Explore Allied Health Careers and Professions
Allied health degrees and allied health certificates prepare you for careers in allied health, one of the fastest-growing job sectors in the U.S. economy. The dozens of occupations within allied health include jobs outside the occupations of doctor, nurse and dentist. Some of the fastest-growing jobs are within allied health, according to the U.S. Bureau of Labor statistics, including medical assistants, cardiovascular technologists, diagnostic medical sonographers, respiratory therapists and athletic trainers. Explore individual allied health careers and degree and certification programs below.
Allied Health Career Profiles
Medical records and health information technicians work with medical coding and billing, ensuring patient records are kept up-to-date and accurate. With most healthcare providers shifting to electronic healthcare records systems, those working in medical coding and medical billing are typically required to be proficient in the operation of such systems, which are at the heart of most medical operations.
Employers in the expanding healthcare industry are looking to hire more medical assistants to handle administrative and clinical duties. Medical assisting can include a wide range of jobs, from recording patient history and vital signs to scheduling appointments. Medical assistants may perform clinical duties such as preparing blood for laboratory testing. It’s a fast-growing profession: the number of medical assistants is expected to grow 31% this decade.
Medical and health services managers are tasked with the complicated and crucial job of overseeing operations at healthcare facilities. Working in healthcare management can lead to jobs as varied as overseeing a group of physician clinics to managing an entire hospital or research facility, often in highly-competitive business environments. As the number of such healthcare operations grow, the demand for healthcare administrators is expected to remain high.
Respiratory therapists work with those who have difficulty breathing, including those who suffer from conditions such as asthma and emphysema. They also work in hospitals, helping those who have experienced some type of trauma, such as heart attack or stroke, to recover the ability to breath normally. Federal projections call for job growth in this field of 28% by 2020, much faster than the average of all jobs nationwide.
Physical therapists better the lives of patients who have suffered loss of movement or who are experiencing pain by teaching them the benefits of therapeutic exercise. Physical therapists help people manage pain and regain movement through the use of treatments that address conditions such as neck and back strain, sprains, bone breaks and fractures. This in-demand profession is expected to grow 39% by 2020, according to federal government projections.
Diagnostic medical sonographers use specialized equipment to produce images from inside a patient’s body that are used by doctors to diagnose medical conditions. They typically use ultrasound, sonogram and echocardiogram equipment and specialize on imaging specific parts of the body, including the abdomen (most often with pregnant women), breasts, muscles, tendons, ligaments, joints and the brain.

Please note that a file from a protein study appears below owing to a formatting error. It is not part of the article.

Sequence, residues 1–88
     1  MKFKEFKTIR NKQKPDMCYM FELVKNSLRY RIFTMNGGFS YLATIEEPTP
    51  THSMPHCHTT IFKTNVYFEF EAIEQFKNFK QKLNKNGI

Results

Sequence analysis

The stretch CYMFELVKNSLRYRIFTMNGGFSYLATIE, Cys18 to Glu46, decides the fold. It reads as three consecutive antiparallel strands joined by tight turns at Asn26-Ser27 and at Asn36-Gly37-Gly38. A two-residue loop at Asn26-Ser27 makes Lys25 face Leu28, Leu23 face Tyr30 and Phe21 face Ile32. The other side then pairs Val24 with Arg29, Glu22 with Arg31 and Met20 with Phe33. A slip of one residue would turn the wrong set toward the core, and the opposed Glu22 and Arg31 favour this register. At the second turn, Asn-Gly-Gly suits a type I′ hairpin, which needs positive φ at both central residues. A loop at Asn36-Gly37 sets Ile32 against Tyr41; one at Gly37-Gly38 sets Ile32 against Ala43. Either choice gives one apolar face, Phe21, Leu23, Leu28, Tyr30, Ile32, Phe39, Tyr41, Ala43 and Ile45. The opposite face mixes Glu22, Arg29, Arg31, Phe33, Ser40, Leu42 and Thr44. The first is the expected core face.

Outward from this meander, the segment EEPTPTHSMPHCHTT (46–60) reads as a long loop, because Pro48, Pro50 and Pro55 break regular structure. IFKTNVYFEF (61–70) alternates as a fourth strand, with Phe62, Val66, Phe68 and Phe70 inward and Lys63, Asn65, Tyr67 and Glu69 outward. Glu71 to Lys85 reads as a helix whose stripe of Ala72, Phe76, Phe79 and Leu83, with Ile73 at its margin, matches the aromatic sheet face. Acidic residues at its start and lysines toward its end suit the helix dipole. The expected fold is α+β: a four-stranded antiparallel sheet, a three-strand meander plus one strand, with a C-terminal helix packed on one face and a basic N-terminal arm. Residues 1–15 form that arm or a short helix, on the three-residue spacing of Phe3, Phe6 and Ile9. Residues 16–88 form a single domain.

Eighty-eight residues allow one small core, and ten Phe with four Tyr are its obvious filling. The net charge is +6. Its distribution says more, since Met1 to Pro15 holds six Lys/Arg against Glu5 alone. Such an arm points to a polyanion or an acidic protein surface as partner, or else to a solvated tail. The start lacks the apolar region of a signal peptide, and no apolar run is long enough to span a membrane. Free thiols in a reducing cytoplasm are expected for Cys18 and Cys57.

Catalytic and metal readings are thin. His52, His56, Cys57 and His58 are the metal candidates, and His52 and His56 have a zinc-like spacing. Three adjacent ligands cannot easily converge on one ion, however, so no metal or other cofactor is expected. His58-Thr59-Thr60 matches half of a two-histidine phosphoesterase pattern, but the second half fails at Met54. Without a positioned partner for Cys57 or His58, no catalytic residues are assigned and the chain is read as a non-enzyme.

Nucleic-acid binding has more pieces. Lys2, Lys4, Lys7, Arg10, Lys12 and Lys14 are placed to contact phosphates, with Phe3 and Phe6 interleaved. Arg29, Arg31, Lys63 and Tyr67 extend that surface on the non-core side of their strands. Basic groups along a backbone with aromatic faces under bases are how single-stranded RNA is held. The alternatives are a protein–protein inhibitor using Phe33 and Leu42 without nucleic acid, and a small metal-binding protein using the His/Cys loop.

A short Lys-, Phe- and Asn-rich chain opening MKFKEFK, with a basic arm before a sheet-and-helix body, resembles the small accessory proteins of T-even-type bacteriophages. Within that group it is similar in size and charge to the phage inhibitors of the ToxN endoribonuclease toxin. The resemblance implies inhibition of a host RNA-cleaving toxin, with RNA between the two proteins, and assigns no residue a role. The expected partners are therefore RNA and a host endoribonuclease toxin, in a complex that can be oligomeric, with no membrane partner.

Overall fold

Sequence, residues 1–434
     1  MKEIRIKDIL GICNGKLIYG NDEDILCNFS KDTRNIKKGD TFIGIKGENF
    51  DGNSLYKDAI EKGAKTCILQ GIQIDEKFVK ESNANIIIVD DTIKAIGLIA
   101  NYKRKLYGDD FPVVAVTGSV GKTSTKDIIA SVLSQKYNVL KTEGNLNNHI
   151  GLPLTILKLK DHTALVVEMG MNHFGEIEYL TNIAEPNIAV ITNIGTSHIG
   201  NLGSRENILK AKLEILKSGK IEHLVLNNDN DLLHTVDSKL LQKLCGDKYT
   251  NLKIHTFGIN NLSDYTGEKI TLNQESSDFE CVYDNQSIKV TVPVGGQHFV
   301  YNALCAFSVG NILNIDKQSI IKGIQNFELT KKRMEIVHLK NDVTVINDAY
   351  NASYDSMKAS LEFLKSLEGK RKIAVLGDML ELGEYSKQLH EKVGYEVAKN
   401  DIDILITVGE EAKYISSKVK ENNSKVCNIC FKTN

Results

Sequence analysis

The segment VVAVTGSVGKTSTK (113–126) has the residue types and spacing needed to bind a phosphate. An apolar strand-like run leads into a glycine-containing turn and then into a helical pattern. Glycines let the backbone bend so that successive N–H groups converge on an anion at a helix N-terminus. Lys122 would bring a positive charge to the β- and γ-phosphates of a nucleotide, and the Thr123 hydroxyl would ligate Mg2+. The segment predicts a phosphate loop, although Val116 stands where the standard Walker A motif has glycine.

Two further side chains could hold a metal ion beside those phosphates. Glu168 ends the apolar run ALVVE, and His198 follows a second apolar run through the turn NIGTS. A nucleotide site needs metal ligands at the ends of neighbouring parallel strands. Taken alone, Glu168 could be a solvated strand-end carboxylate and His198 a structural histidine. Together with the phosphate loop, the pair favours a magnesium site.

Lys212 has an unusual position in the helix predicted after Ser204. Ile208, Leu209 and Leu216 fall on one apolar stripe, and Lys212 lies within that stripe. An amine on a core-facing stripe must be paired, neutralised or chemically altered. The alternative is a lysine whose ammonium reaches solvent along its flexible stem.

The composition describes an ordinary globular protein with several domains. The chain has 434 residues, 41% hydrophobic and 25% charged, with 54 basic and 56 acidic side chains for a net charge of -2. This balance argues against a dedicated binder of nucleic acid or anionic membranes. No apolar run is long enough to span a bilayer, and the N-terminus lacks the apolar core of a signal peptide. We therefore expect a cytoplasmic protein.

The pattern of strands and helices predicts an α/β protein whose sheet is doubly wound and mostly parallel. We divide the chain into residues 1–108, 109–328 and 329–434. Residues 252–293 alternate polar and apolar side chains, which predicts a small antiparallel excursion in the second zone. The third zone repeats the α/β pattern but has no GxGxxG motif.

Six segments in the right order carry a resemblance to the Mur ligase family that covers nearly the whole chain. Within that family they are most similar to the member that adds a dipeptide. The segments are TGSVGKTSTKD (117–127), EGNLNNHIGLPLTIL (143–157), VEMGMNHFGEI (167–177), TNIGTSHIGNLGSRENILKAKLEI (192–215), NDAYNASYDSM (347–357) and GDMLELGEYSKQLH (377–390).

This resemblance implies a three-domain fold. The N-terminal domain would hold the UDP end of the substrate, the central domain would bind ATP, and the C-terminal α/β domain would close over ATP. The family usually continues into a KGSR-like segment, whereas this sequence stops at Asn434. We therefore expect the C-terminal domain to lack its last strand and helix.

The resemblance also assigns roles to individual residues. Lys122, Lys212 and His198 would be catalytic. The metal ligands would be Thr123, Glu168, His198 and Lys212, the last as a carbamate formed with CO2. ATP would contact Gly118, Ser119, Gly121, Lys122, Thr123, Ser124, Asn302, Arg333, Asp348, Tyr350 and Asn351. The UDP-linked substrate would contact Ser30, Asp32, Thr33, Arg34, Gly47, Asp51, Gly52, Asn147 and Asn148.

Dietitians and Nutritionists advise patients on the proper food to eat for a health lifestyle, as well as devising meal plans to help patients reach their health goals. A dietitian or nutritionist also promotes healthy living by giving presentations about food, nutrition and the relationship between the food you eat and how your body functions.
Emergency Medical Technicians and Paramedics work in the field with patients who have been in accidents and disasters or who have been the victims of violent crime or suffered medical emergencies such as heart attack or stroke. Often, the work done by an emergency medical technician or paramedic is the difference between life and death for a patient as they are transported to a hospital.
Clinical Laboratory Technologists specialize in the collection and testing of bodily substances, such as blood, urine or cells. Working under the guidance of physicians, they carry out complex tests to detect abnormalities in test samples. Clinical laboratory technologists can work in a variety of areas, including as blood bank technologists, chemistry technologists, cytotechnologists and microbiology technologists.
Pharmacists work to properly fill prescriptions as directed by physicians, as well as offering advice on how to properly and safely use medications. While some pharmacists become instructors, the vast majority work in a retail environment dispensing medication or as a clinical pharmacist developing treatment plans for individual patients.
Pharmacy technicians work under the direct supervision of pharmacists, filling prescriptions as ordered by physicians, fielding customer’s calls and performing other administrative duties such as processing insurance claims and taking customer phone calls. There are both full-time and part-time positions available in this field, which is one of the fastest-growing professions in the allied health industry.
Medical scientists strive to improve human health by conducting experiments and research to understand how the human body works and ways to fight disease and illness. Much of a medical scientist’s time is spent in the laboratory, designing and conducting complex research experiments in various areas, including developing medical applications and studying medical samples.